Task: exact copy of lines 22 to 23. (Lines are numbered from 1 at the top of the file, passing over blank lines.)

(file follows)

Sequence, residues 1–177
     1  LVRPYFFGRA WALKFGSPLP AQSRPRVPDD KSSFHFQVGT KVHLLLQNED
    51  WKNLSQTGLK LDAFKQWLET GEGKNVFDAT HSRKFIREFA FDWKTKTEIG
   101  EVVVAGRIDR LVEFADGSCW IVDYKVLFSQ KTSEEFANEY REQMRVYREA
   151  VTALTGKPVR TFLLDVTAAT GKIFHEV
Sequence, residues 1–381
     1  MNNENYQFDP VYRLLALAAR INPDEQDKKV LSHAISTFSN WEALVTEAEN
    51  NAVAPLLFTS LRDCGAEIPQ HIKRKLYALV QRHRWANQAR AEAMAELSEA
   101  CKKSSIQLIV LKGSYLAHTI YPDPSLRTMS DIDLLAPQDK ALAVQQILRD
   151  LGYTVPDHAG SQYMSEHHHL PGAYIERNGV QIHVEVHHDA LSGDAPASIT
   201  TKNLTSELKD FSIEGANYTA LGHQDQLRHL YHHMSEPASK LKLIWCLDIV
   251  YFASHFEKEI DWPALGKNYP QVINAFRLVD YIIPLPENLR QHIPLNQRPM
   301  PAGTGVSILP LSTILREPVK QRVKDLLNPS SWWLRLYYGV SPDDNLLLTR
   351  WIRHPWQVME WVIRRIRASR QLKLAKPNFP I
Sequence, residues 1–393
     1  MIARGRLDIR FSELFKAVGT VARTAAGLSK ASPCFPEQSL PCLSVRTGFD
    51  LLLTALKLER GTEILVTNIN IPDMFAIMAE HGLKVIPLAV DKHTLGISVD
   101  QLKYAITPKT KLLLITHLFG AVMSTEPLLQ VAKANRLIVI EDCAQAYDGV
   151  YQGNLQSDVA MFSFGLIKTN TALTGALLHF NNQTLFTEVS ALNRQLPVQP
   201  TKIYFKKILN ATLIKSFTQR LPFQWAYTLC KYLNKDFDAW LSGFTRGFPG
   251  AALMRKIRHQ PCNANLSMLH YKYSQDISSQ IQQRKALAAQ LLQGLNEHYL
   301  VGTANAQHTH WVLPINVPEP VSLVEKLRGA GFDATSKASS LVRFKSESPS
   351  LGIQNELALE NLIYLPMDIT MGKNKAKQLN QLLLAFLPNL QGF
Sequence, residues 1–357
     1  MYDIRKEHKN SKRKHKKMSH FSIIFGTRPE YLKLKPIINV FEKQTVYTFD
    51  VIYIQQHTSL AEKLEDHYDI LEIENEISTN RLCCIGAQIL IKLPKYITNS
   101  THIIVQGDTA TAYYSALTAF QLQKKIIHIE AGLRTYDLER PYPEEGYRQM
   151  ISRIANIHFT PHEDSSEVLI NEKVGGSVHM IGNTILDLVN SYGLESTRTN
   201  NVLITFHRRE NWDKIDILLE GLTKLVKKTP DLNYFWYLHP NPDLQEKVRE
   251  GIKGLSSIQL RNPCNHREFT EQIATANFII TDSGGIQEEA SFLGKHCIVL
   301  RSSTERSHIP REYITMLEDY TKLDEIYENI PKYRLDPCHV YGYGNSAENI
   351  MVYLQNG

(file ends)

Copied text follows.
   301  VGTANAQHTH WVLPINVPEP VSLVEKLRGA GFDATSKASS LVRFKSESPS
   351  LGIQNELALE NLIYLPMDIT MGKNKAKQLN QLLLAFLPNL QGF